Skepticism about the myriad paths to health and to recovery from illness is one of the most daunting obstacles to wellness. As a newly minted health professional (having just received my holistic nutritionist certification), I am shocked at how people become wedded to their disease and I am saddened by the ways in which they undermine their ability to heal by discounting health modalities that are alien to them. Effective treatments come in all varieties, often in surprising packages, some of them seeming unlikely. But let’s keep an open mind. Just saying.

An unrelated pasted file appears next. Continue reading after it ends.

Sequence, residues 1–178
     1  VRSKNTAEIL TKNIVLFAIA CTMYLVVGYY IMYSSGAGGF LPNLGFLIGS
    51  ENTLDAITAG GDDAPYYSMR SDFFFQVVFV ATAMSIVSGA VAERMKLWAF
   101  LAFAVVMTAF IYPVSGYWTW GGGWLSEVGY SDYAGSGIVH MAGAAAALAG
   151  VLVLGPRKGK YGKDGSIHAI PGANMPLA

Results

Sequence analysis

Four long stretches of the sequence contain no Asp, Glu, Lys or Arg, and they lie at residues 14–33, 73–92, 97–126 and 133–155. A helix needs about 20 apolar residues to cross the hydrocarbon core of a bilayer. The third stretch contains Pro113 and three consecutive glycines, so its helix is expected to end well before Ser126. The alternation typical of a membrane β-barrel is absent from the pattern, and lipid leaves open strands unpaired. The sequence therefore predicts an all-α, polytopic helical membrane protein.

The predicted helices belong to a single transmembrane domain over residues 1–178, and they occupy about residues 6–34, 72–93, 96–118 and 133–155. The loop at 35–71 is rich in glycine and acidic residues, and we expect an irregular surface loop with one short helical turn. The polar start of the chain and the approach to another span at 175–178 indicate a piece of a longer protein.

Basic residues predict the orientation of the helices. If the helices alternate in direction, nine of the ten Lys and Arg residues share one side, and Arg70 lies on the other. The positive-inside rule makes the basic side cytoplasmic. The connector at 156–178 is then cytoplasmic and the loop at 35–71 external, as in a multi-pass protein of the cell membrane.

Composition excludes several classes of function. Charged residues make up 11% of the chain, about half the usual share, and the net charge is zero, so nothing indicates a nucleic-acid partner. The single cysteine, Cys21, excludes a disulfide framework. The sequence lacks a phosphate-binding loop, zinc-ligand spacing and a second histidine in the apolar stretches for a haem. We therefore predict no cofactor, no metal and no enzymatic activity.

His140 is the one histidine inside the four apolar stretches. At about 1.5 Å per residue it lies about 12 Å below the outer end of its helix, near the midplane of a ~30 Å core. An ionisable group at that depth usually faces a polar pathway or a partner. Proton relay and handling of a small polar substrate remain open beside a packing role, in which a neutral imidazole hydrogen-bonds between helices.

Recently, a friend of mine posted a link to an article about Chronic Fatigue Syndrome (CFS) on Facebook accompanied by a brief statement on the importance of recognizing this as a real physically disabling condition and not a psychological disorder, as most traditional doctors believe. I studied nutritional interventions for CFS while in college so I commented that this most certainly is a real physical illness (not just in someone’s head) and that someone suffering from CFS could benefit tremendously from working with a holistic nutritionist, and in many instances could be healed through nutrition therapy. A woman with CFS responded to my comment by saying that such statements as mine were not based in fact and were deeply hurtful to people with CFS. She basically told me that her disease is incurable and that when I said she could possibly be cured through a nutritional approach she felt it belittled the depth of her suffering. I was not prepared to go into details about holistic nutrition and CFS treatment on a Facebook thread, so I simply apologized to her and took down my comment. But I could not stop thinking about the fact that this woman was so wedded to her misery and her identity as a CFS-sufferer that she slammed the door on the possibility of a pathway to healing that she had not considered. She was invested in disbelieving. She had made up her mind to be sick.